Hebrew

So now that I'm done with my program, I'm spending the vast majority of my time studying Hebrew. It's pretty intense: class is 4 hours a day, 4 days a week, and I probably spend a similar amount of time doing homework and drilling at home.

On the face of it, this seems like a pretty silly thing to do. To understand why it may seem that way, just take a look at the demographics of my Hebrew class of about 10. About half are studying Hebrew because they made aliyah, i.e. immigrated to Israel, or are seriously considering it. I'm not moving here, or at least I'm not planning on it. If we end up with President Trump, all bets are off.

The other members of the class seem to be studying Hebrew for romantic reasons: i.e., they fell in love with an Israeli and now need to ingratiate themselves with said Israeli's judgmental Jewish mother and the rest of the family. When my mother was here last week, she aggressively questioned me if that was my reason for staying to study Hebrew: a secret girlfriend. Well, I swear that's not the case. My Hebrew study is motivated solely by personal interest.

Without one of those reasons, the study of Hebrew seems pretty pointless. You can certainly live here without Hebrew: this land has spent the past century in the sphere of influence of one English-speaking superpower or another (first Britain, and then the US), so English is ubiquitously spoken here. It's actually hard to learn Hebrew here because people switch into English by default if you give even the slightest indication that you're not a fluent/native Hebrew speaker, making it very difficult to practice outside of the classroom. Public accommodations, public services, etc. are easily accessed in English (more easily accessed in English than in Arabic, actually, even though Arabic is an official national language and the native language of a large indigenous minority. But that's another story). So yes. No girlfriend, I'm not moving here, and I don't need it to get by. So why am I doing this again, instead of, say, spending a few hours a day at an internship and the rest of my time on the Tel Aviv beaches?

The initial push, I think, was my guilt at being monolingual. I think of myself as being an intelligent and educated person (perhaps misguidedly), and I'm not sure if being monolingual is compatible with those traits. It certainly isn't outside of the United States, or even in the United States historically, where you couldn't call yourself educated if you couldn't speak French, Greek, and Latin. I also feel guilty as a monolingual traveler, going into other peoples' homelands and expecting that they speak my language. This still begs the question, though-why Hebrew? I can go to precisely one place to speak it. Why not, say, Spanish, or Chinese, or French? Other than default-this is my last chance to learn a language before law school and my real career, I'm spending this last chance period in Israel, therefore I should learn Hebrew. This doesn't seem like a good line of reasoning.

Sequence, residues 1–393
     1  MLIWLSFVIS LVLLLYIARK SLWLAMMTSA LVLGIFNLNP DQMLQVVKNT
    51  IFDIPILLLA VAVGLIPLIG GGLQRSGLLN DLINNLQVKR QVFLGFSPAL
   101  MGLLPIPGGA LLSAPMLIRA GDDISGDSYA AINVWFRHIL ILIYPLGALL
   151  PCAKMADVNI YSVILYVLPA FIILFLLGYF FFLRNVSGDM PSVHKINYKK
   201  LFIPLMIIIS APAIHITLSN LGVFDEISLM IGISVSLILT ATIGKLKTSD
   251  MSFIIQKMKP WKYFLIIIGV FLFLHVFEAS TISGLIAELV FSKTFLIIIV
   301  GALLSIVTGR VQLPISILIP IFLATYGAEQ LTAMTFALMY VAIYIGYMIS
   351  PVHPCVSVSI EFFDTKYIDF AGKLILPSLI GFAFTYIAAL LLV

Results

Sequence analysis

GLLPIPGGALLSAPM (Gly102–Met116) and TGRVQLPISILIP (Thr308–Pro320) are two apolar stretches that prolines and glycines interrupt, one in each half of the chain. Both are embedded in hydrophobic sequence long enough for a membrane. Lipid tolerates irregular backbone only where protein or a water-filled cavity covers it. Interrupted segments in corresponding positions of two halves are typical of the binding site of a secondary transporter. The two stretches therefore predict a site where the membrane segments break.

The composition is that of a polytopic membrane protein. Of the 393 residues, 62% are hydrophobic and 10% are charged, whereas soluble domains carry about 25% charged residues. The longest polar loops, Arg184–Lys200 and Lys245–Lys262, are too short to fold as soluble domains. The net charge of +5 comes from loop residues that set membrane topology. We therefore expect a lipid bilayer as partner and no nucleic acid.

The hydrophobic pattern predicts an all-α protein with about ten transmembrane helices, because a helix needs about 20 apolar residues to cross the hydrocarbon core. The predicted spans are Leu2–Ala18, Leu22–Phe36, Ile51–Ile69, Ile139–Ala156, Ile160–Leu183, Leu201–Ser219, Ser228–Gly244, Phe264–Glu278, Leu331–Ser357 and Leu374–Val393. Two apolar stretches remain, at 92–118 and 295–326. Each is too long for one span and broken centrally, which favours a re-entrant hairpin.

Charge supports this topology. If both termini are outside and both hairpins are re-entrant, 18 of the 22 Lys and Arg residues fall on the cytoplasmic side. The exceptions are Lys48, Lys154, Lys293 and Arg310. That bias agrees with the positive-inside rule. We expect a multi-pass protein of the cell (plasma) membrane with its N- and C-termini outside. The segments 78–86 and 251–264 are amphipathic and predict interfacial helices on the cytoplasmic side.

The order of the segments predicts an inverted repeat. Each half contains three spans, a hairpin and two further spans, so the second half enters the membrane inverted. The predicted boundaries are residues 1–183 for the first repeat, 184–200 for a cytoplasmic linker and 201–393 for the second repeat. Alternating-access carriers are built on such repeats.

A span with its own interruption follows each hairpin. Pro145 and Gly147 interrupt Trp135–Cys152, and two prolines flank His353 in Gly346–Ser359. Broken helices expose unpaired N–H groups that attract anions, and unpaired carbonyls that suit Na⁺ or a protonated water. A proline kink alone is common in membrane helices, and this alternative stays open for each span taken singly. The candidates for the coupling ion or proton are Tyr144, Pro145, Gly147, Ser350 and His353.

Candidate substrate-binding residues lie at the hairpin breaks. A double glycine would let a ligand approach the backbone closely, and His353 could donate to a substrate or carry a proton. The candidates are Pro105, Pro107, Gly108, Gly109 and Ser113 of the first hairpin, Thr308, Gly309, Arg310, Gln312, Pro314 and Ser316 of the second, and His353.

A funny thing happened when I started learning Hebrew during Achvat Amim, though. I discovered that I really liked it as a language. The first reason, obviously, is its directness. The stereotype of the direct, blunt, Israeli is notorious. I'm not sure if Israelis tend to be direct and blunt and modern Hebrew has come to reflect that, or if modern Hebrew is direct and blunt in a way that shapes the norms of communication for Israelis, even when they're communicating in other languages (i.e. the largely debunked Sapir-Whorf hypothesis), but there certainly seems to be overlap. I really like that. I'm not known as, say, the most diplomatic person in the world, and I like speaking and writing in a language that seems compatible with my personality. Perhaps this is a silly reason to want to learn a language, but so be it.

The second reason why I've come to like Hebrew is its structure. Hebrew is built on a system of roots consisting of 2-4 consonants. By adding vowels, prefixes, and suffixes, you can create a variety of nouns and verbs relating to the concept or idea defined by the root. Given this root system, Hebrew's a language that seems very amenable to subtext and allusion. Let me give you an example.

If you've participated in a debate about Israel/Palestine, you may have come across the word hasbara (הסברה). In the United States, it's usually used in a derogatory context to refer to what left-wingers see as right-wing pro-Israel propaganda. (http://www.standwithus.com/ has some good examples of hasbara if you're unfamiliar with the genre). But what does this actually mean? Well, the word hasbara is based on the root סבר, which is the root for words relating to the concept of "explaining". For instance, the infinitive verb "to explain" is lehasbir (להסביר). So hasbara, a noun, is something like an explanation. This makes sense-if an entity (whether a state, a company, a political candidate, etc) explains its behavior, critics will call it propaganda and its allies will accept it as that, an explanation. And, in fact, the word hasbara has a similar connotation in Hebrew as the English term "public relations"-the same idea as propaganda, but without the negative connotations.

So I'm basically committing a significant amount of time to the study of a language because I find its structure somewhat interesting and because I superficially think it's compatible with my personality. Perhaps this seems like a waste of time. I find it challenging and thrilling.